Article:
Now he was being just downright mean. I shut off the faucet, and with the water dripping off my fingertips, I turned to face him. “Do I look dead to you?”
He gave me a once over with an expression that left something to be desired. “No, but why are you glowing?”
“Yes, well,” I wiped my damp hands on my skinny jeans, “that’s my ability.”
He examined my gold hue—or so I’d been told that is how it appeared—and by his huge eyes this revelation stunned him. “And this ability is how you can see me?”
I wasn’t in any mood to get into this with him. A change in topic was in order. “Have you seen a young girl around here?”
“No,” he responded without haste.
I nibbled my lip, considering that. “Not ever, or not lately?”
If Lizbeth died in misery, it made no sense that her ghost wasn’t here. Ghosts always lingered and needed help to cross over. Someone who committed suicide wouldn’t be a settled soul. And most of the ghosts I’d met returned to a place that had meant something to them. Considering Lizbeth was young when she died, I had assumed she’d come home. Where else would she have gone?
“How long have you been here?” I asked.
“I have no idea.” He paused, thoughtful, then said, “I think it’s been quite some time.”
His response didn’t surprise me. Ghosts never remembered much except what they needed to, to move on. Seeing that this ghost would lead me nowhere, I figured I might as well try and help one ghost today. “Do you want to cross over?”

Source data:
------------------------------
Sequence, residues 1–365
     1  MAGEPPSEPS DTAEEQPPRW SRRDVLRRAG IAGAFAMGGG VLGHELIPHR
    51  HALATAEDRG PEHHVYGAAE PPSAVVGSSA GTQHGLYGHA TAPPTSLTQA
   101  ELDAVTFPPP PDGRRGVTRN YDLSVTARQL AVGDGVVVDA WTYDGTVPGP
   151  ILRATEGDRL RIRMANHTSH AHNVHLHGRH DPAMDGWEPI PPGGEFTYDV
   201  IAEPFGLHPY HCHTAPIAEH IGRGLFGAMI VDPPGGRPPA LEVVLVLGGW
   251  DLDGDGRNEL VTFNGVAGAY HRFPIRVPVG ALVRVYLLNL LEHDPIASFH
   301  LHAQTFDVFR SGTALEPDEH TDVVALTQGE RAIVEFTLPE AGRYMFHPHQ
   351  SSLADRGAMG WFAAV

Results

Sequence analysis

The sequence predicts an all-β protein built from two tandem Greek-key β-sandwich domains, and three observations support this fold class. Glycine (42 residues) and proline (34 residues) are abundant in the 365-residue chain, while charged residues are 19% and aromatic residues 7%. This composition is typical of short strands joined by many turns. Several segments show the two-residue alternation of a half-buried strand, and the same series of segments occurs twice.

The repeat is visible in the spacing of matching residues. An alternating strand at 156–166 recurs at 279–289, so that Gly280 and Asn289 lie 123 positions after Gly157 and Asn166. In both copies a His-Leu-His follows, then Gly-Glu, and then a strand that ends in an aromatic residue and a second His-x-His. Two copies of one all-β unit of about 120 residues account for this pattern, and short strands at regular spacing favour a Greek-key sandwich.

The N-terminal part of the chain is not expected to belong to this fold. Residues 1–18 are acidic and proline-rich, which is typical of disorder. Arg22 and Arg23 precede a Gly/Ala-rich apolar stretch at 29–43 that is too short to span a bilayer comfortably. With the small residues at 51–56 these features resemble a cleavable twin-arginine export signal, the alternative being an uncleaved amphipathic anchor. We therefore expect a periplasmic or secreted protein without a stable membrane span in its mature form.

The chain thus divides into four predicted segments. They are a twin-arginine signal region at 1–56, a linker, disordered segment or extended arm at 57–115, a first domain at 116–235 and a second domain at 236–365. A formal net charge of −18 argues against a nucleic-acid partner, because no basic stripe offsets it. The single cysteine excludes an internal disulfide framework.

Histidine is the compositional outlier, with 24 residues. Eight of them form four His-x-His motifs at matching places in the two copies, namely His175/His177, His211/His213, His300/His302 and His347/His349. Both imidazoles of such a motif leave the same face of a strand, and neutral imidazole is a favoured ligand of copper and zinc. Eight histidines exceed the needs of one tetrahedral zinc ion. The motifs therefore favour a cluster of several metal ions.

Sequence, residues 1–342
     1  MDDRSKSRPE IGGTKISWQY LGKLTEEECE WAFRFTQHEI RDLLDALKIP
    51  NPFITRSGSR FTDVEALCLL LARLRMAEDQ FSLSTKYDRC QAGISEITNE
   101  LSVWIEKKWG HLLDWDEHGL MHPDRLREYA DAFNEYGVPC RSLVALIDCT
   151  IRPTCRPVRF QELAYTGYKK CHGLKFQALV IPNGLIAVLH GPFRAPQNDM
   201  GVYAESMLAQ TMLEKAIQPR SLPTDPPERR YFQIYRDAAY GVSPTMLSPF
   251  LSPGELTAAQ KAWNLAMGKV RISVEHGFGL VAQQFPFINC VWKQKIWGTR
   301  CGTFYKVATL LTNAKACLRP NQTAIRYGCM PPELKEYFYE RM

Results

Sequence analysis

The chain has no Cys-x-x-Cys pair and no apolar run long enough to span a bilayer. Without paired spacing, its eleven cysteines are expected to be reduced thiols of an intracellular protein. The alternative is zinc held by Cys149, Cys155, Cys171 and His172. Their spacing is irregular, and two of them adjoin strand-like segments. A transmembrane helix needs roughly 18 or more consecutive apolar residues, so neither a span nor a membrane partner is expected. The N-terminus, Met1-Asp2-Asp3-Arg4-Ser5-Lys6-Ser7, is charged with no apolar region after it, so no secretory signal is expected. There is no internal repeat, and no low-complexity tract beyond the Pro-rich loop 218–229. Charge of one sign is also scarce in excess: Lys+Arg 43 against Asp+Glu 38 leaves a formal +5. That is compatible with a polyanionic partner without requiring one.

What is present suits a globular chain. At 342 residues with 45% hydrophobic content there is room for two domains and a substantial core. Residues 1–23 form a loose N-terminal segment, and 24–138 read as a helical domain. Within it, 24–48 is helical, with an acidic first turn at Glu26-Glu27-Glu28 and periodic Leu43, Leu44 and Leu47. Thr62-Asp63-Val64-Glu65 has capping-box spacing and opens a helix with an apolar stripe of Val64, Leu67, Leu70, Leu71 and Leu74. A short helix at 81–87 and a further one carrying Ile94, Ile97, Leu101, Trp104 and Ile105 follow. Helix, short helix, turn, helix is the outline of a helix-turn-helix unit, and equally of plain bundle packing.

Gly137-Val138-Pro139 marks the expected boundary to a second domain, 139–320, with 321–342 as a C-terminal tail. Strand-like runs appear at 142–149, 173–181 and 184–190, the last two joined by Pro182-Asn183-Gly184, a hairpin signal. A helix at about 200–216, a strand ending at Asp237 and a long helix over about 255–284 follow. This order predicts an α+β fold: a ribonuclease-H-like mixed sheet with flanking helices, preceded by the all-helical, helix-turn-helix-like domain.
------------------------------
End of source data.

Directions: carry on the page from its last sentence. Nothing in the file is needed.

He scowled. “Are you threatening me?”
“Good God.” I dismissed him with a flick of my hand. “You’re foul. I’m asking to be nice. I can help you, if you’d like.”
“This is my house. I don’t want to leave. I want you to.”
I grunted. “Trust me, I want the same damn thing.”
He gestured toward the door in what might have seemed like a bow of respect, if his tight features hadn’t thoroughly flipped me off. “Best you see yourself out.”
I had just about enough of his bad attitude. I pointed at him. “You better not go scaring Anna. She’s been through enough.”
“I don’t scare her.” He scoffed. “She’s a lovely woman and I don’t mind her sharing the home with me.”
“I’m glad to hear it, but if I find out you’re frightening her, I will Ghostbuster your ass. Got it, jacko?” I flicked my hair over my shoulder, not waiting for him to respond because frankly, I didn’t give a shit.
I exited the bathroom, heard him grumbling something after me. I really couldn’t blame him, though. If I’d been dead since the eighteen hundreds, from the looks of his clothing, I’d be pissy too.
Stacey Kennedy’s novels are lighthearted fantasy with heart-squeezing, thigh-clenching romance, and they even give you a good chuckle every now and again. But within the stories you’ll also find fast-paced action, life-threatening moments and a big bad villain who needs to be destroyed. Her urban fantasy/paranormal and erotic romance series have hit Amazon Kindle and All Romance eBooks bestseller lists.
Stacey welcomes comments from readers. You can find her at www.staceykennedy.com.
Stacey welcomes comments from readers. You can find her at www.staceykennedy.com.
Ms Kennedy has offer to run a contest for an ecopy of Supernaturally Kissed book 1of the Frostbit series.